8 Steps To Set Up Your Freshwater Shrimp Tank the Right Way

how to set up a shrimp tank

Keeping shrimp is simple … if you make sure that you’ve put in the time to create an awesome environment. Instead of fumbling in the dark and killing some of your inverts, let’s hop right into creating a tank that both you and your shrimp will love!

What You Need

Before you begin to set up your tank, you’ll need to have some basics.

The equipment required to keep shrimp is pretty minimal, but it’s best to have everything on hand before you start to add the invertebrates.

You should have the following:

  • An Aquarium
  • Some Kind of Filter
  • Aquarium Heater
  • Aquarium Light
  • Substrate
  • Plants Suitable for Shrimp
  • Hardscape Pieces(Rocks and/or Driftwood)
  • Aquarium Stand or Suitable Place
  • Aquarium Test Kit

Get all of this together before you begin setting up.

The following can wait for some time after the initial set up:

  • Your chosen shrimp species
  • Tankmates
  • Fish food

So, let’s dive in, and I’ll show you what needs to be done, step-by-step.

How to Set Up a Shrimp Tank From Scratch

Step 1: Pick a Tank Size and Location

Cherry Shrimp are remarkably easy to keep. Fortunately for you, they’ll work out in a tank of any size. I don’t think I’d recommend keeping them in less than a gallon of water, but 3 gallons and up works fine.

I prefer to use at least 5 gallons for my tanks. This allows me to keep them with a few other creatures, rather than simply having shrimp in the tank.

You’ll also need to find a good location for your tank. We’re going to create something that’s a bit more complex than a cartoon goldfish bowl; there are a few things to look out for:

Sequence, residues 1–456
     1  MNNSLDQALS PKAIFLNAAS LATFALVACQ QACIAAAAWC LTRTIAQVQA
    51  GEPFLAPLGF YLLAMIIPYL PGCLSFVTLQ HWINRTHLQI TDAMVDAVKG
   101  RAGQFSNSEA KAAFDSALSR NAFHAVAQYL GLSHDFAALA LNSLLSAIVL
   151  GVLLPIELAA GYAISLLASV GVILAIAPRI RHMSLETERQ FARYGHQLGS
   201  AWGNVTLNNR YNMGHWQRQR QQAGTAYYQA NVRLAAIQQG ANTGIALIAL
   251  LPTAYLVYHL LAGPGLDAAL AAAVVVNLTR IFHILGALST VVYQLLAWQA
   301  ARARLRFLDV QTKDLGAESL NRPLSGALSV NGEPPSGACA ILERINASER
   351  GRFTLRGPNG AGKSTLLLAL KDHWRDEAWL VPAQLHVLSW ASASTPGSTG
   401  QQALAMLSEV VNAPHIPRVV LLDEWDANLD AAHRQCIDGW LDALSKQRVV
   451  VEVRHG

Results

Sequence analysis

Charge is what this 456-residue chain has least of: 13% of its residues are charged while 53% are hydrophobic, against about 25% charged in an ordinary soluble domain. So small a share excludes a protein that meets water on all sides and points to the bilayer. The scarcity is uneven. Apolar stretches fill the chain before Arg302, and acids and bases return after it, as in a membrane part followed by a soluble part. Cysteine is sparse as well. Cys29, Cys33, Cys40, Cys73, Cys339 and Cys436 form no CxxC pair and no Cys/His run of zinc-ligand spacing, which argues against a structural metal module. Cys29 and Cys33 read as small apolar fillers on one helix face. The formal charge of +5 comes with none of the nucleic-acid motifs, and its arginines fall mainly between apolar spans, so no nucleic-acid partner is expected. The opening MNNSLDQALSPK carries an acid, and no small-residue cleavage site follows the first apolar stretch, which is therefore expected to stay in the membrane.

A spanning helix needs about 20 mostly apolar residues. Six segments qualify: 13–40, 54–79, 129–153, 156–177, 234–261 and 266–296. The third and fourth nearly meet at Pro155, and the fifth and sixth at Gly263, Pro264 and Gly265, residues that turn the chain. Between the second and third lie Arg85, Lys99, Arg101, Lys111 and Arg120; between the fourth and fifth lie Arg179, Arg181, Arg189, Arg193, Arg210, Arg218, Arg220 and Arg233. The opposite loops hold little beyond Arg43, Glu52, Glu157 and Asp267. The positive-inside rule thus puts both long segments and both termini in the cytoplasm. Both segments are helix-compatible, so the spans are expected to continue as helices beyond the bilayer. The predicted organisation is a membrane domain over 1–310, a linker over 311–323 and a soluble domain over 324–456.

• Sunlight will cause algae problems. It can also cause overheating in some climates, leading to a tank full of cooked shrimp.
  • Ditto with placing them too close to heaters or air conditioners.
  • Make sure the tank has a place to be supported and level. Use an 18″ or bigger level to make sure. Smaller tanks can be propped in minor cases. Large tanks can’t.

Once you’ve got a location and tank in mind, make the purchase and get ready for the real work!

Step 2: Add Substrate to Your Tank

Substrate varies from completely inert to almost living. The latter is what you’re looking for when you set up a shrimp tank.

Which substrate you choose to go with largely depends on the species of shrimp you’re going to raise. The Walstad Method, a specific layering technique for the substrate, is a good idea for hardier shrimp. I’d avoid it for any species of Bee Shrimp; it can be a bit unstable in nitrate and nitrite levels.

Planted tank substrates are easy to use. Most can be used without layering, just make sure that you’ve got something your chosen plants can grow in easily.

The important thing is to either use something with nutrients or to make sure you have root tabs when you finish your setup.

At this point, you’ll want to do any grading, tiering, or other techniques within the aquarium. Your hardscape is going to be much more difficult to change in the future, so getting it right the first time is a great idea.

When you’ve added your gravel or sand, fill the tank to ⅓ to ½ full, or a few inches over your highest substrate tier, depending on which is more.

Step 3: Begin the Planting Process and Add Your Hardscape

It’s much easier to place your plants with the tank half full. If it’s full all the way, you’ll need to worry about spilling, and if it’s completely dry, then you run the risk of damaging your plants.

Each plant should be cleaned and trimmed to the appropriate level.

Some general rules:

  • Stem plants can be trimmed to 3″ or so and planted. All aquatic stem plants can be turned into viable cuttings with just a pair of scissors.